Supersonic flight has played an important role in the history and development of the aviation industry – one of triumph, excitement and political significance. This sector definitely has a vibrant past, though presently is an area in which commercial travel has no presence at all. The future can’t be certain – but we’ll explore the story of supersonic air travel and the pages yet to be written.
The first aircraft to break the sound barrier was, quite famously, the Bell X-1 rocket powered plane flown by Major Charles E. Yeager of the U.S. Air Force in 1947. It is quite astounding that this development came 10 years before jet aircraft became a mainstay in the industry. This historic flight laid the path for the innovations that were to come.
Whilst unknown to some, the first supersonic transport plane was the Soviet Tupolev TU-144 – flying its first supersonic flight in 1969, four months before Concorde would hit the headlines. The Concorde was and still is undoubtedly the most famous aircraft of its type – though were it not for the fatal flaws of the Soviet plane the British-French project may well have been forced to share the limelight. Due to a deadly crash at the 1973 Paris airshow, the Tupolev project was held back by several years. Allowing the Concorde a major head start in the race practically killed off the project – it didn’t see its first passengers until 1977, several years after the Concorde had already entered service and proved its magnificence to the world. Both aircraft would in the end fade out and lose public and airline faith. The now symbolic crash of the Concorde in Paris was the beginning of the end for commercial supersonic flight at that time.
In the current day, there are a variety of aircraft flying above the speed of sound for a range of different purposes. Whether that be the Lockheed Blackbird for reconnaissance missions, the Eurofighter Typhoon fighter jet or the many aircraft currently being tested globally for research and military purposes. The commercial market, however, remains vacant for several reasons. In a world where sustainability and the environment are of paramount importance, the excessively high fuel consumption of supersonic jets is just not viable. It is estimated that these jets burn 5-7 times more fuel per passenger compared to subsonic modern aircraft. This leads to very high fuel costs and therefore a much higher price thrown at the passenger – in an age where prices are becoming lower and lower. Another of the many issues arising from these aircraft is the increased noise pollution they bring – with much louder take-offs as well as sonic booms which restricted their operations drastically. All of these issues must be tackled if we are to see the return of same day returns from New York to London and similar routes – but the future is promising.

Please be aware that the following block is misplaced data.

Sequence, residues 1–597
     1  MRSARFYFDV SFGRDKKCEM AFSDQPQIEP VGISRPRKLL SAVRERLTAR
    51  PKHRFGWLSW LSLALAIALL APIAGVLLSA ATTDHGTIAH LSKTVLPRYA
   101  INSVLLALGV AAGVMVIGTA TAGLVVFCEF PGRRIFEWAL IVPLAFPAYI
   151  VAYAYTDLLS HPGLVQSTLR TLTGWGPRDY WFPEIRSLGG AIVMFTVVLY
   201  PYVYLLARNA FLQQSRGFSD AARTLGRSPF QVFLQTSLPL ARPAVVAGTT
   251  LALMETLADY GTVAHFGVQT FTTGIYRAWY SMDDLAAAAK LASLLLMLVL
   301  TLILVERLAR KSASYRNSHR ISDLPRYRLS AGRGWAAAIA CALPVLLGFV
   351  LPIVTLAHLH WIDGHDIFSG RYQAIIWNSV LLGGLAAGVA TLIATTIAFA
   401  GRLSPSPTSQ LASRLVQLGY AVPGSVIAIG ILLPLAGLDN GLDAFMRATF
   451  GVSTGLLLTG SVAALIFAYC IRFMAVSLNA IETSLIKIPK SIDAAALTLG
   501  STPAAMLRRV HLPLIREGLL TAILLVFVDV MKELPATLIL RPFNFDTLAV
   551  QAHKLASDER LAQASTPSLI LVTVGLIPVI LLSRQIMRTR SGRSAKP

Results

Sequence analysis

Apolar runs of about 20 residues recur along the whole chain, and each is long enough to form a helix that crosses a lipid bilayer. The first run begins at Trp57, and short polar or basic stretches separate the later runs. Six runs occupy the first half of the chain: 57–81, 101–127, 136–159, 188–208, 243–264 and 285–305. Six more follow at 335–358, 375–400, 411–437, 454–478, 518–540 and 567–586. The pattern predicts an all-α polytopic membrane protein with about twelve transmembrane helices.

There are three main companies vying to bring back supersonic travel first. All taking their own approach to try and solve the problems and revitalise the sector. The Aerion AS-2 is proposed to be in service by 2026 – targeted at the biz-jet market with a low capacity of just 12 seats. The craft has been developed to limit the effects of the sonic boom – flying at higher altitudes than similar aircraft at a speed of Mach 1.5. Whilst the noise problem has been tackled the low passenger capacity could lead to astronomically high costs per seat – even for a business jet.
The Spike S-512 is taking a similar approach – with a windowless jet allowing a more fuel efficient design and reduction in noise (including a similar method to decrease the sonic boom). However, while the capacity is expected to be slightly higher at 18 it still leaves the potential that it cannot properly tackle the high prices brought about by the higher fuel burn.
Taking a different approach, the Boom Overture is taking a fuel efficient and modern design, utilising software, technology and materials to allow for a 55 seater aircraft with speeds of over Mach 2. Boom are putting emphasis on sustainability and carbon offsetting throughout their program and designing the craft to accommodate alternative fuels – with projected fight testing in the mid-2020s.
Overall the future of supersonic flight can be bright. The Boom aircraft appears to tackle most of the key problems that held back the Concorde – but the project still remains an ambitious one and its commercial success is dependent on the mood of the industry and the direction it is going in – especially in the current Covid-19 climate. Will supersonic flight return? Almost certainly. But whether it will be within the next decade is unpredictable in an industry as dynamic as the one we are surrounded by.